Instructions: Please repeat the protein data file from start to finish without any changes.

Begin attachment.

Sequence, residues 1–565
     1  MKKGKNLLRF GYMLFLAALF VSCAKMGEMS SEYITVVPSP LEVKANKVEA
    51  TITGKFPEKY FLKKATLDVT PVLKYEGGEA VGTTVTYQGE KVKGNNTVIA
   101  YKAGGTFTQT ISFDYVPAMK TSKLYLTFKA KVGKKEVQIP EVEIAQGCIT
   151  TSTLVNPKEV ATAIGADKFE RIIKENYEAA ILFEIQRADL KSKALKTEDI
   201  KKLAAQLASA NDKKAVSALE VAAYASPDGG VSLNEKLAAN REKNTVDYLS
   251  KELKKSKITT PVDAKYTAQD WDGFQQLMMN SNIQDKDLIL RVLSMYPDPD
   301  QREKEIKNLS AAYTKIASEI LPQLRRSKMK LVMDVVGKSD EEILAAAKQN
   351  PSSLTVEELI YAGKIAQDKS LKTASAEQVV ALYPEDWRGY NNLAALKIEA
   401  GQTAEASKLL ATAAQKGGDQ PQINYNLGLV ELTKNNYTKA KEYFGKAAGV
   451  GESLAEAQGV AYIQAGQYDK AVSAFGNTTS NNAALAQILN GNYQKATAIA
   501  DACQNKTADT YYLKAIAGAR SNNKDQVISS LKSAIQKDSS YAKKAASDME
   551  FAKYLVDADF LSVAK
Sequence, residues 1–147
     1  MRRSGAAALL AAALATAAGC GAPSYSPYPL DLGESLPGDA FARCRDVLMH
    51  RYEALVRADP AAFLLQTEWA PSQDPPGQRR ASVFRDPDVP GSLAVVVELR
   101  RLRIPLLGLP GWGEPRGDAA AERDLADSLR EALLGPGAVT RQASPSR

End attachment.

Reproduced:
Sequence, residues 1–565
     1  MKKGKNLLRF GYMLFLAALF VSCAKMGEMS SEYITVVPSP LEVKANKVEA
    51  TITGKFPEKY FLKKATLDVT PVLKYEGGEA VGTTVTYQGE KVKGNNTVIA
   101  YKAGGTFTQT ISFDYVPAMK TSKLYLTFKA KVGKKEVQIP EVEIAQGCIT
   151  TSTLVNPKEV ATAIGADKFE RIIKENYEAA ILFEIQRADL KSKALKTEDI
   201  KKLAAQLASA NDKKAVSALE VAAYASPDGG VSLNEKLAAN REKNTVDYLS
   251  KELKKSKITT PVDAKYTAQD WDGFQQLMMN SNIQDKDLIL RVLSMYPDPD
   301  QREKEIKNLS AAYTKIASEI LPQLRRSKMK LVMDVVGKSD EEILAAAKQN
   351  PSSLTVEELI YAGKIAQDKS LKTASAEQVV ALYPEDWRGY NNLAALKIEA
   401  GQTAEASKLL ATAAQKGGDQ PQINYNLGLV ELTKNNYTKA KEYFGKAAGV
   451  GESLAEAQGV AYIQAGQYDK AVSAFGNTTS NNAALAQILN GNYQKATAIA
   501  DACQNKTADT YYLKAIAGAR SNNKDQVISS LKSAIQKDSS YAKKAASDME
   551  FAKYLVDADF LSVAK
Sequence, residues 1–147
     1  MRRSGAAALL AAALATAAGC GAPSYSPYPL DLGESLPGDA FARCRDVLMH
    51  RYEALVRADP AAFLLQTEWA PSQDPPGQRR ASVFRDPDVP GSLAVVVELR
   101  RLRIPLLGLP GWGEPRGDAA AERDLADSLR EALLGPGAVT RQASPSR